Other symbols are the snow and the summit of Kilimanjaro, which are closely related to each other. The snow is a recurrent image in Harry’s first flashback: “That was one of the things he had saved to write, with, in the morning at breakfast, looking out the window and seeing snow on the mountains in Bulgaria and Nansen’s Secretary asking the old man if it were snow.” Snow was always associated with episodes in his life that meant the loss of opportunities to write, opportunities for artistic expression. Now that he is short of time, he sees the snows of Kilimanjaro as a symbol of oblivion. Finally, the summit of the mountain symbolises the doors of heaven, peace, and perfection. For Harry, reaching the top of the mountain means fulfilling his works as an artist and recovering his lost morality, or as I mentioned before, it means Harry’s spiritual re birth, because achieving his ideals secures his access to heaven.

Virgina Woolf is well known for her obscure narrative style, which is clearly exemplified in “The String Quartet” by means of sensory impressions, stream of consciousness, discontinuity, and minimising of plot. As an impressionist writer, Woolf tries to “retain the impressions that an object makes on her”(Aguirre, 8); in this case, she is trying to capture a moment, a concert of music by Mozart, but through her conscience and by evoking whatever comes to her mind during that moment. Her words are “Let us record the atoms as they fall upon the mind in the order in which they fall, let us trace the pattern, however disconnected and incoherent in appearance, which each sight and incident scores upon consciousness.”(Muller, 318). We can see in this short story that there is not a linear thought to follow, and thus it is very difficult to understand what it is about. For example, in the first sentence – “WELL, here we are, and if you cast your eye over the room you will see that Tubes and trams and omnibuses, private carriages not a few, even, I venture to believe, landaus with bays in them, have been busy at it, weaving threads from one end of London” – the author begins without making clear what she is talking about and does not finish her idea. This lack of coherence is a common feature of Modernism, and it is achieved through the use of complex syntax. Linguistically, Woolf uses “disjointed language structure, (“the first violin counts one, two, three-/ Flourish,…”), telegraphic dialogue, (“seven years since we met…”); syntactical compression, and condensation of juxtaposed images, ( “Flourish, spring […] from under the plane…”) (Aguirre, 11) among other devises, to achieve the snapshot effect that is typical of Impressionism. This effect aims at projecting a moment not as it is objectively perceived, but as it is seen by the artist. As regards the theme in “The String Quartet,” Woolf deals with abstract topics such as melancholy, sorrow, joy, and whatever feeling the music she is hearing provokes in her. The most outstanding feature of this story is the subjectivity that permeates the whole picture that the author projects to the reader, so much so, that it is almost impossible to catch it.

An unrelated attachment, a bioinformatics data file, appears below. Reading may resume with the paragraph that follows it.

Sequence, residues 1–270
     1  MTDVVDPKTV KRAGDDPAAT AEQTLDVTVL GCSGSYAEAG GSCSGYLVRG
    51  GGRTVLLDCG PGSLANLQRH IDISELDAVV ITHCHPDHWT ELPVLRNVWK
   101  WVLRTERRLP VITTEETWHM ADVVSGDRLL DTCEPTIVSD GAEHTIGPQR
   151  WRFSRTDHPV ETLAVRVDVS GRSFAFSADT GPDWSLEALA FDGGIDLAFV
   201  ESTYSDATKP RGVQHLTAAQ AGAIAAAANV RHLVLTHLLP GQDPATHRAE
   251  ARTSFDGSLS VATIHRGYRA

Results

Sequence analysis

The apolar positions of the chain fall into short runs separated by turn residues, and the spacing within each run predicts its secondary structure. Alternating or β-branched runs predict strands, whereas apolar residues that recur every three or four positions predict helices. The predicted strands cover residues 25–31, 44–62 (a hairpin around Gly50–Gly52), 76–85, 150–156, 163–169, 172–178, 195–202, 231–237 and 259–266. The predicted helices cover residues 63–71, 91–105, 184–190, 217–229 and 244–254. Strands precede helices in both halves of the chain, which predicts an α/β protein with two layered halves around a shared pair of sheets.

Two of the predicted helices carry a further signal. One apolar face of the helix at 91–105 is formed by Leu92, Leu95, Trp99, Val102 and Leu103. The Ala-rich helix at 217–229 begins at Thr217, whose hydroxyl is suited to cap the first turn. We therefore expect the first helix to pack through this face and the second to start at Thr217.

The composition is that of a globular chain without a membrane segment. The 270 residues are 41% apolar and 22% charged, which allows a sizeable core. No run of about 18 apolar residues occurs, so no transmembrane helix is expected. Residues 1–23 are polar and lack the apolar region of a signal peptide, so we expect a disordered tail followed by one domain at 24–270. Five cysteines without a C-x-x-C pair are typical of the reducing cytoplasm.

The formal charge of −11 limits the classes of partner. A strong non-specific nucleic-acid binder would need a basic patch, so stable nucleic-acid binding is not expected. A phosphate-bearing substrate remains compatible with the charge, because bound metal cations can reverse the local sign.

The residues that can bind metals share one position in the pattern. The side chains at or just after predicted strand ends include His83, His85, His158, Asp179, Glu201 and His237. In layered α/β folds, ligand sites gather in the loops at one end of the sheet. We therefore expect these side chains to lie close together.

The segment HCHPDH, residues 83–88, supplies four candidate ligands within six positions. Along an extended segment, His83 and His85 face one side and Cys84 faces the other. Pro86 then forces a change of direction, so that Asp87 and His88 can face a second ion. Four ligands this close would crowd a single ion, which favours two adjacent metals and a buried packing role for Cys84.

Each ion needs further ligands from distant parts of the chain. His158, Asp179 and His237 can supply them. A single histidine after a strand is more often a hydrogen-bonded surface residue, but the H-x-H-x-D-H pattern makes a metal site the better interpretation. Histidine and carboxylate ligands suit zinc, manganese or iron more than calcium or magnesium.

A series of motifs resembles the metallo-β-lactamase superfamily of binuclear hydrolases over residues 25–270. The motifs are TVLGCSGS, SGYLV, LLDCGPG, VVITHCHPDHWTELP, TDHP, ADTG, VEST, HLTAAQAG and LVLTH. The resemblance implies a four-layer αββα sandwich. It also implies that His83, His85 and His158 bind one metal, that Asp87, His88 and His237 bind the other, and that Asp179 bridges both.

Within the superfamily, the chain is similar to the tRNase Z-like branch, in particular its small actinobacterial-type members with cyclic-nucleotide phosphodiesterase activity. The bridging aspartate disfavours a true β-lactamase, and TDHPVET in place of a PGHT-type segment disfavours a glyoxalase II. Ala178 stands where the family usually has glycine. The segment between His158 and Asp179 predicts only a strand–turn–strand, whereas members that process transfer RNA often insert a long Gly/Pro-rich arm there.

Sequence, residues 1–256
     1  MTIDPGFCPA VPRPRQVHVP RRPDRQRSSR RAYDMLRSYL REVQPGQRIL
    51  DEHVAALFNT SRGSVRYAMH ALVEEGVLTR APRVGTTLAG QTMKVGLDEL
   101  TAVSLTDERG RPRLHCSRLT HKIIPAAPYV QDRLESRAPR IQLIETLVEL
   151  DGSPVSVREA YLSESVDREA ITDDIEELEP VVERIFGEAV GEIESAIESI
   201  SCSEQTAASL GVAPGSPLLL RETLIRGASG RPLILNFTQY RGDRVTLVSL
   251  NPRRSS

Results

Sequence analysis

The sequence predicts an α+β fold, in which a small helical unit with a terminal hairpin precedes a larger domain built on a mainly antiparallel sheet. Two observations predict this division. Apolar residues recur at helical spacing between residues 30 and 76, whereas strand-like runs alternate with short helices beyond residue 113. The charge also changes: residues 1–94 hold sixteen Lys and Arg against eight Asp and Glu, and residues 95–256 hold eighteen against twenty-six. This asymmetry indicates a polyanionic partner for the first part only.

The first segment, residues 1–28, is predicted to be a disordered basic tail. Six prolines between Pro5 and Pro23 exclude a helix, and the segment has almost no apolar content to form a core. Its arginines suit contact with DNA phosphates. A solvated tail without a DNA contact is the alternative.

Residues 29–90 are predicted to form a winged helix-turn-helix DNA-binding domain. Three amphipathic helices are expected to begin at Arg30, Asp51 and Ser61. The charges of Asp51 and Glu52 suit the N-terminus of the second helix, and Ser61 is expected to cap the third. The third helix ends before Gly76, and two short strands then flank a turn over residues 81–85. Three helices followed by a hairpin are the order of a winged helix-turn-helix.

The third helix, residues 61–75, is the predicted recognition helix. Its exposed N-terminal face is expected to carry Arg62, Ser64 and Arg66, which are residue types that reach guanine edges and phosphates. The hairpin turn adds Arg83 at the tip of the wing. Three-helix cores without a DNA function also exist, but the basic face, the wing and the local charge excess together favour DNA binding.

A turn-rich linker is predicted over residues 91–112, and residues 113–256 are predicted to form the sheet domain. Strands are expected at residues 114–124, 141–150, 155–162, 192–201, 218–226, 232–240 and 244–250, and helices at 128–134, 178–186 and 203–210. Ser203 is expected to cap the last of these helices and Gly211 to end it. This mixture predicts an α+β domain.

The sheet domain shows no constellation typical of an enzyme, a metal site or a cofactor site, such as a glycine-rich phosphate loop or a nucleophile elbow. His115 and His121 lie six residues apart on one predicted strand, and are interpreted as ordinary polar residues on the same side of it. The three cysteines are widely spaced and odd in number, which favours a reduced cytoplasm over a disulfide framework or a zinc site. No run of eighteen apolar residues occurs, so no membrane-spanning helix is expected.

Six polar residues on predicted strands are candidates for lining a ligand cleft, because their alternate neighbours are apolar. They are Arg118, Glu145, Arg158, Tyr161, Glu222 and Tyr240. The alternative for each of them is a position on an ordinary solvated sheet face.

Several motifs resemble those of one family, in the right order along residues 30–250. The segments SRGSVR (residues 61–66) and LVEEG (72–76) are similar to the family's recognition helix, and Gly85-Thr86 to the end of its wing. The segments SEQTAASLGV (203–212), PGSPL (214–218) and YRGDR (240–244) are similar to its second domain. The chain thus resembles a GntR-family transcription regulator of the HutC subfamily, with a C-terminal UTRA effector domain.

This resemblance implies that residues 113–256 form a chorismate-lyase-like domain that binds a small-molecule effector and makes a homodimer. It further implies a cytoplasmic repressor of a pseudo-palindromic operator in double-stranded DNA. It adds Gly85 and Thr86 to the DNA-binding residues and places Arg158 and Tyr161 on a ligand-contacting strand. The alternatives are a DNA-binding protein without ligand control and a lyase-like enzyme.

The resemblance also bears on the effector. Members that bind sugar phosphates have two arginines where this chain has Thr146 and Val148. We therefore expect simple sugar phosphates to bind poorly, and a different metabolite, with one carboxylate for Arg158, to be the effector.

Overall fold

The main difference between Virginia Woolf and Ernest Hemingway is related to the methods used to create the plot: she creates imaginary or unreal places, times, and events in her mind, while he is closer to realism in his simple way to describe the scenery and characters of his story. All things considered, we can see how these two exponents of Advance-Guard Literature exploit different techniques of Modernism successfully; thus, illustrating the fact that “extreme diversity” (Aguirre, 1) is commonplace in this period.


Works Cited

Aguirre, M. E. Manual de Cátedra: Modernismo. Facultad de Lenguas(UNC): Córdoba. 2006.

Muller, J. H.. Modern Fiction: A Study of Values. McGraw-Hill Book Company: New York. 1937.

Weeks, R. P. “Hemingway: A Collectin of Critical Essays”. Prentice-Hall, Inc.: Englewood Cliffs, N. J.. 1962.